A barrister sanctioned for talking to the opposing lay client in the absence of their lawyer had switched from criminal to family law and “was simply not on top” of the rules, it has emerged.
We reported earlier this month that Mariam El-Sobky was reprimanded, fined £2,000 and ordered to shadow an experienced family law practitioner for six months.
That person must then submit a certificate of competence to the Bar Standards Board.
The barrister, called in 2001, was acting for the respondent wife in family law proceedings. Two days before a hearing in May 2019, she went to the home where the wife lived with the applicant husband and spoke to him about the proceedings.
The full decision of the Bar disciplinary tribunal has now been published and it explained that she had spoken to the husband about the impact of his application on the family; he told the court that he felt under pressure to withdraw it.
It recorded: “The district judge took the view that [Ms El-Sobky’s] conduct was entirely inappropriate, as do we. He expressed a view that [she] could remain in the hearing but she could not take part. This left [her] client without effective representation.”
As a result, the hearing was adjourned and Ms El-Sobky fixed with a wasted costs order.
The tribunal said she had acted “out of concern for her client” but she had little experience of family law and “she was simply not on top of the applicable rules”.
It said the shadowing requirement would be akin to pupillage – two barristers had agreed to “act in a supervisory role to assist and guide” Ms El-Sobky.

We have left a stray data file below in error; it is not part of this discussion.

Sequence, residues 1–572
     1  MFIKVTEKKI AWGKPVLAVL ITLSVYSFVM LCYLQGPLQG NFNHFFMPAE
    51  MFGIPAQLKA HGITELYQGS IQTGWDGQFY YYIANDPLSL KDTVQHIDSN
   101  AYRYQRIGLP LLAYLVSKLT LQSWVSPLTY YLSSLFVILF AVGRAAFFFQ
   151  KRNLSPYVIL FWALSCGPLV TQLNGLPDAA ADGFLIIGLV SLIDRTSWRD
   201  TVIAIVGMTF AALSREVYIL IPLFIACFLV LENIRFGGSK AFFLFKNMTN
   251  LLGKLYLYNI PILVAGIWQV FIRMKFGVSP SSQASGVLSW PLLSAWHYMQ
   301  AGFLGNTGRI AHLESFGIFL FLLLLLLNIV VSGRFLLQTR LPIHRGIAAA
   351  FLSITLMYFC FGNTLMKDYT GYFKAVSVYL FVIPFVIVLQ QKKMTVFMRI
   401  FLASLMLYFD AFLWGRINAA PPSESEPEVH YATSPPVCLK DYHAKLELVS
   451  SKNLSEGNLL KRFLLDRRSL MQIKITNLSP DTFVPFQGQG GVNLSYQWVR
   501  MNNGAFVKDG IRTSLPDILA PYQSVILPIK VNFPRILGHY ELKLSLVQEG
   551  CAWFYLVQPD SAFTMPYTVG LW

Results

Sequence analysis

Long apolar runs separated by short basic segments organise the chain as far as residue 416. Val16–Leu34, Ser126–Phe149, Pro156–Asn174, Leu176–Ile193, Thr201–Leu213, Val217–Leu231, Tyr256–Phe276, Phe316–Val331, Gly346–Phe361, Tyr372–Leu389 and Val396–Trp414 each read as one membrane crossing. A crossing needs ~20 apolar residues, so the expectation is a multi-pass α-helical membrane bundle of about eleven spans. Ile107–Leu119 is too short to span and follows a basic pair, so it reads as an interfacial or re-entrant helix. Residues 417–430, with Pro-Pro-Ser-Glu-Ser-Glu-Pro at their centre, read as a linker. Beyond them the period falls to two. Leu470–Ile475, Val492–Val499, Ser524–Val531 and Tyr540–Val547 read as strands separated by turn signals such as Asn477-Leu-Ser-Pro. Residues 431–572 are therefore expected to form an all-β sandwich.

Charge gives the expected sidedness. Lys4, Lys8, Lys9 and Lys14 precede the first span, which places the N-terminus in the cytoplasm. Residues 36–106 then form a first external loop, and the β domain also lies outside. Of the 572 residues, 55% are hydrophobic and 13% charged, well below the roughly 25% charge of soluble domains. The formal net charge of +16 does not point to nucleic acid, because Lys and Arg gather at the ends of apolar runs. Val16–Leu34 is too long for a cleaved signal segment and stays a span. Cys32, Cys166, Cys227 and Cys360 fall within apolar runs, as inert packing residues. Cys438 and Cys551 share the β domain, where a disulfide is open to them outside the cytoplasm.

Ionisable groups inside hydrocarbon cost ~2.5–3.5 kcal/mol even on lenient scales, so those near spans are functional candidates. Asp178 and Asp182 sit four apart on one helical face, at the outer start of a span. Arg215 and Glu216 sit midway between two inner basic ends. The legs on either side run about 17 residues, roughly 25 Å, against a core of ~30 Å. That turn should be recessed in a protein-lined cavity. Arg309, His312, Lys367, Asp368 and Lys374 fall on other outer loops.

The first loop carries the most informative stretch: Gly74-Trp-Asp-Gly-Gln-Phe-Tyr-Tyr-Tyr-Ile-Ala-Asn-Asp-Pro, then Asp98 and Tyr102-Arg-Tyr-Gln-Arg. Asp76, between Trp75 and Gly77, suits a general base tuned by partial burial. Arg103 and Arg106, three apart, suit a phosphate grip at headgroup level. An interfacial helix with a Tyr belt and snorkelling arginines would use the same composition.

It continued: “The purpose is to allow [her] to become more familiar and experienced with the applicable procedures and rules that must be followed in the field of family law.
“During her practice, [Ms El-Sobky] decided to change course. She had previously worked for the Crown Prosecution Service and was practising in criminal law.
“The tribunal was of the view that [she] had insufficient experience of the rules and procedures that apply in family law and the conduct that is expected of barristers who practise in that field.”
However, the tribunal decided not to stop the barrister taking public access instructions during the six months – her practice was largely made up of such cases and so “to restrict that would be tantamount to a suspension”.
It also acknowledged that Ms El-Sobky had already taken “some positive steps”, including a refresher course in public access work and further training and development, as well as finding a mentor.